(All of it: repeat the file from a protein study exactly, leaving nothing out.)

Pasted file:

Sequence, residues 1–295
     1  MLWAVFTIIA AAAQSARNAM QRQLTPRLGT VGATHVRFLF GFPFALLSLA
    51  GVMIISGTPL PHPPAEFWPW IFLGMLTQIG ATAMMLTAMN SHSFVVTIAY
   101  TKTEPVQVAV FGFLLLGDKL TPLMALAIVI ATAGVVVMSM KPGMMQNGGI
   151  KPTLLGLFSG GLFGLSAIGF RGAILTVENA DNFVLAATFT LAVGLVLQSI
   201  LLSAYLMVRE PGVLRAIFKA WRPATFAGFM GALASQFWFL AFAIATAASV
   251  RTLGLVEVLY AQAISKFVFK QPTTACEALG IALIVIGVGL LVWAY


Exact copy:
Sequence, residues 1–295
     1  MLWAVFTIIA AAAQSARNAM QRQLTPRLGT VGATHVRFLF GFPFALLSLA
    51  GVMIISGTPL PHPPAEFWPW IFLGMLTQIG ATAMMLTAMN SHSFVVTIAY
   101  TKTEPVQVAV FGFLLLGDKL TPLMALAIVI ATAGVVVMSM KPGMMQNGGI
   151  KPTLLGLFSG GLFGLSAIGF RGAILTVENA DNFVLAATFT LAVGLVLQSI
   201  LLSAYLMVRE PGVLRAIFKA WRPATFAGFM GALASQFWFL AFAIATAASV
   251  RTLGLVEVLY AQAISKFVFK QPTTACEALG IALIVIGVGL LVWAY